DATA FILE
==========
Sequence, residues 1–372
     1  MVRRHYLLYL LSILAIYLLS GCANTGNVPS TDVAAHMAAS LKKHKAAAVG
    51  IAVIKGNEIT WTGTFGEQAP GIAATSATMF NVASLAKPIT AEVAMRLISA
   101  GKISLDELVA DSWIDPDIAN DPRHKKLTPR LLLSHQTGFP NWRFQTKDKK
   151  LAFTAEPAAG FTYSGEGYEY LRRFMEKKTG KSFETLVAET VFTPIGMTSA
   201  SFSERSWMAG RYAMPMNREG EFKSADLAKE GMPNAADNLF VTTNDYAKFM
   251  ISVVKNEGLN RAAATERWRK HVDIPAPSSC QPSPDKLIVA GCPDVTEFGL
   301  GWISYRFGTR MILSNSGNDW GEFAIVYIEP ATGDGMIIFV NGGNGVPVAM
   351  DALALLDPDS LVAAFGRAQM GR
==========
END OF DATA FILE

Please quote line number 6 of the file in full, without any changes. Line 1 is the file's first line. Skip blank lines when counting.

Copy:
   201  SFSERSWMAG RYAMPMNREG EFKSADLAKE GMPNAADNLF VTTNDYAKFM